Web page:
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Addressing the Problem of Nurse Bullying

Guest blog
06/29/17

Category:

By:

Nicole (Nikki) Mahr, RN, MS, OCN, Clinical Resource Nurse/Infection Preventionist, UC Davis Health System

Last December, nursing was ranked as the most trusted profession for the 15th consecutive year. This isn’t surprising because nurses provide consistent support and comfort in a patient’s most vulnerable moments. They also go beyond providing physical healing to promote social, emotional, intellectual, occupational and spiritual wellness for the people in their care. It seems natural to assume that nurses would provide this same support to one another. Unfortunately, this is not always the case.

Most nurses have heard the phrase ‘nurses eat their young,’ a way to describe negative behaviors directed at novice nurses by their more experienced colleagues. Often dismissed as a way to “toughen up” new nurses, this phrase actually represents a dangerous phenomenon in the nursing profession known as horizontal violence.

Horizontal violence is recognized by the Centers for Disease Control (CDC) under the worker-on-worker violence category. It is defined as harmful peer-to-peer behavior that demeans or devalues the victim. Two terms commonly used interchangeably with horizontal violence are incivility and bullying.

Horizontal violence is a persistent problem among nurses … and it doesn’t just happen to new graduates. The statistics tell the story. Nearly 100 percent of nurses have experienced some type of horizontal violence in their career. Several studies indicate that 20 to 30 percent of nurses experience frequent (weekly or daily) abuse from their peers. Of those who experience frequent abuse, 56 to 78 percent will resign their position. One in three of them will leave nursing altogether. We can’t let this happen!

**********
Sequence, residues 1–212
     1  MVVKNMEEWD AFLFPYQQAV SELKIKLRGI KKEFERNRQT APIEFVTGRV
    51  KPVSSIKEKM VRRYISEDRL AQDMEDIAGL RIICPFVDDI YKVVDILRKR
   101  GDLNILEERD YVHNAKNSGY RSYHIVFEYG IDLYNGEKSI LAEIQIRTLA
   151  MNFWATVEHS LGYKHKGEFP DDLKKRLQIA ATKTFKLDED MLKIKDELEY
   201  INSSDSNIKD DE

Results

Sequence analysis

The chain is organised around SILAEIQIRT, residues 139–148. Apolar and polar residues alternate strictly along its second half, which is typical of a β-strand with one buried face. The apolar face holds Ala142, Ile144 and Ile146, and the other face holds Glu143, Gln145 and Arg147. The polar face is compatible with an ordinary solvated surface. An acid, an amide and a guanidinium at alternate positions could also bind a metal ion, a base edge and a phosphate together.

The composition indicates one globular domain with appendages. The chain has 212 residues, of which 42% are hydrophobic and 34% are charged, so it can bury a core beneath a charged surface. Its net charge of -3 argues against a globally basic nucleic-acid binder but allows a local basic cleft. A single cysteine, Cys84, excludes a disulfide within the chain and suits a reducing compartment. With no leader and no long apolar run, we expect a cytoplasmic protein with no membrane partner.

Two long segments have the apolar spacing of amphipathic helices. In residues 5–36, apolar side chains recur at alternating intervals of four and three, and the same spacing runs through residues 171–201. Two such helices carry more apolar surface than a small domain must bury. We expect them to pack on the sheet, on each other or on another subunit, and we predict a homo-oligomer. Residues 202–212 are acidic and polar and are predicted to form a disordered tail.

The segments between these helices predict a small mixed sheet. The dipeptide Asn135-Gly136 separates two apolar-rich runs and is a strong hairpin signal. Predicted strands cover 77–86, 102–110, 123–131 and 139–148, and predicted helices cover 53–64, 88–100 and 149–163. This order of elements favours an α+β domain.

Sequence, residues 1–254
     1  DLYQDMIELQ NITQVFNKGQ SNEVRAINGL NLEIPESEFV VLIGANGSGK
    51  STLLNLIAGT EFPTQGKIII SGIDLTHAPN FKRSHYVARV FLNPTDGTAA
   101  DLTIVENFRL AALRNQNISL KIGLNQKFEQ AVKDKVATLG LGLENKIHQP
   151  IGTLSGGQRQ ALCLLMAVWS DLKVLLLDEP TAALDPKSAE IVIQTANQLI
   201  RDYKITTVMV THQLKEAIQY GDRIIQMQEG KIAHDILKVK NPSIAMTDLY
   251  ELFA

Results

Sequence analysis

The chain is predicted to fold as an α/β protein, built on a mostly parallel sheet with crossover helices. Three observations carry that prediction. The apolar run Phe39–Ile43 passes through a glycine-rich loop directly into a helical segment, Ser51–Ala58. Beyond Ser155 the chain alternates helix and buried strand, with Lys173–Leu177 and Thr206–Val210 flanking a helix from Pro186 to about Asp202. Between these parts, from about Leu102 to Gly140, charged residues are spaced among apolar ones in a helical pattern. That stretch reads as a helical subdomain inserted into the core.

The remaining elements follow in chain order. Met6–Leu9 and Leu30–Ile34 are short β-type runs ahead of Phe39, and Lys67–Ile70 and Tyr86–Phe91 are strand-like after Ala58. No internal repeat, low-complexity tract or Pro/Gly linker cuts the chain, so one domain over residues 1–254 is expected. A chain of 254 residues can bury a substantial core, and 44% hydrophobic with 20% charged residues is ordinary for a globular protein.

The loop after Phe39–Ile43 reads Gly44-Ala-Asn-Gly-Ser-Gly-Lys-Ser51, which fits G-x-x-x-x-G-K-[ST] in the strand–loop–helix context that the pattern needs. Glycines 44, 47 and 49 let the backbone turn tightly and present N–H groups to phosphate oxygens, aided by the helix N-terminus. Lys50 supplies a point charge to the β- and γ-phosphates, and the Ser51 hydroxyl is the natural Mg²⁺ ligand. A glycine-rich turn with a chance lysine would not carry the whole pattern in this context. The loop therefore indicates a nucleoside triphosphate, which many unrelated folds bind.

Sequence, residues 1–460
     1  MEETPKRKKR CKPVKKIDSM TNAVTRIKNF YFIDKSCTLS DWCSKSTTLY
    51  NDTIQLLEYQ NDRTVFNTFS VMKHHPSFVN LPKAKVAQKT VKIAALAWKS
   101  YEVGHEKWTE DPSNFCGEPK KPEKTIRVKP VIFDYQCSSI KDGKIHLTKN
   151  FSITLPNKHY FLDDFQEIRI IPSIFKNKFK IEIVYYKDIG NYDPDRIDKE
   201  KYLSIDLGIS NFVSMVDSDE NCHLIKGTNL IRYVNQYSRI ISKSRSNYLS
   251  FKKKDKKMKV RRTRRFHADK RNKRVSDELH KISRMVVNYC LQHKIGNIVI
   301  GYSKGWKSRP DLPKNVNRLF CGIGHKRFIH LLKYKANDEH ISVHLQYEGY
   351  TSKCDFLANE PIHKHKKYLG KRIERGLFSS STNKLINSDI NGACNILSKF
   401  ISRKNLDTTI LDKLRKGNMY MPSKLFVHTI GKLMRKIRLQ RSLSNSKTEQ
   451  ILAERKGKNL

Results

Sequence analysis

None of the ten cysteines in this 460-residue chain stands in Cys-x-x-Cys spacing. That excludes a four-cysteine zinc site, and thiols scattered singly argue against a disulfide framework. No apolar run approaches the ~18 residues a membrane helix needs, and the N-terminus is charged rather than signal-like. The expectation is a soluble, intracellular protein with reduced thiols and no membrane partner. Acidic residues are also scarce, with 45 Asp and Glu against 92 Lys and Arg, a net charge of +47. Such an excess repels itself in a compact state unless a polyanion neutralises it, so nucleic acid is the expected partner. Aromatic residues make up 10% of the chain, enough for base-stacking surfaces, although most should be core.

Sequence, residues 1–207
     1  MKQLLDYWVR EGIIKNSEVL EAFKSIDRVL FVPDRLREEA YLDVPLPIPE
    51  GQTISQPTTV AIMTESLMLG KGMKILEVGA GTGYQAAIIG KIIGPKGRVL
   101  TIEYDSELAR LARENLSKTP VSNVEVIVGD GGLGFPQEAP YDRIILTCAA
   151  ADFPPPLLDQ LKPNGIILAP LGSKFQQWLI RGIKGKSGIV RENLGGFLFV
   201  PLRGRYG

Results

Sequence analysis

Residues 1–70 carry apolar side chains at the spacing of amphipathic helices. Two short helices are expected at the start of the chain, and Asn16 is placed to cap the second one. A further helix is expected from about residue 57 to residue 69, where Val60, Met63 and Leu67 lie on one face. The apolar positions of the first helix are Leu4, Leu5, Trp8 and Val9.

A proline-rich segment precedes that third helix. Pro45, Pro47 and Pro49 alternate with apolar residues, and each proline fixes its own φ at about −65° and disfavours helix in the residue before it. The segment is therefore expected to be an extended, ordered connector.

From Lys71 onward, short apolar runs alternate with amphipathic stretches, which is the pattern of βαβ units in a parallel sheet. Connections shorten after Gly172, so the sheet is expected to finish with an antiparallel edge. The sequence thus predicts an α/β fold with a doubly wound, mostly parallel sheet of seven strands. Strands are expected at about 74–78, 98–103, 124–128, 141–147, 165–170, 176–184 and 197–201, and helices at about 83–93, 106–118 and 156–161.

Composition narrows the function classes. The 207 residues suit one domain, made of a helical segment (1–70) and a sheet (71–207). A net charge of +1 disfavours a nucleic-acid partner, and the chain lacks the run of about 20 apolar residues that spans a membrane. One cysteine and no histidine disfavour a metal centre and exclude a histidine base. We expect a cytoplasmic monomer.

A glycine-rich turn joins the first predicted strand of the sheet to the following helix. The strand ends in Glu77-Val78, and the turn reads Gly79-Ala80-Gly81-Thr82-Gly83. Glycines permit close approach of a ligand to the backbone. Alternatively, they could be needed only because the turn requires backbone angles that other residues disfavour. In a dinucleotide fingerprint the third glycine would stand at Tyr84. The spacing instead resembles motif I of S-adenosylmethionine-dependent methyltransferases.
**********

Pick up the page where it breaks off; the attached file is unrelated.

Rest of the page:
Incivility, bullying and horizontal violence also threaten patient safety by causing mistrust and damaging communication among nurses. As a result, nurses avoid asking one another for help, which can cause delays and errors in care.

I have experienced horizontal violence in my career. The first time it happened, I was eight months into my first nursing job, reporting to two older nurses with extensive experience. I had just gotten off orientation and had taken care of a difficult patient assignment. When giving report, one of the oncoming nurses noticed I had not given blood to a patient who had hemoglobin below our normal transfusion threshold. Though the physician had not written a transfusion order, I was supposed to have known this standard and directed him to write the order. Another nurse overheard and both of them berated me for more than 15 minutes in front of my peers. I went from feeling proud of myself for completing a difficult shift to feeling deflated and questioning my ability to be a nurse. The experience also changed my interaction with these nurses. When reporting to them, I was fearful of making a mistake, and that anxiety distracted me from caring for my patients.

Fast forward eight years: I was an experienced nurse leader, and began a new position in a different nursing specialty within the same hospital. There was a bully within the department and when I reported the behavior to my supervisor nothing was done.  I eventually began to distrust my coworkers and I stopped speaking up. This experience highlights the crucial role leadership and environment play in the occurrence of incivility and horizontal violence.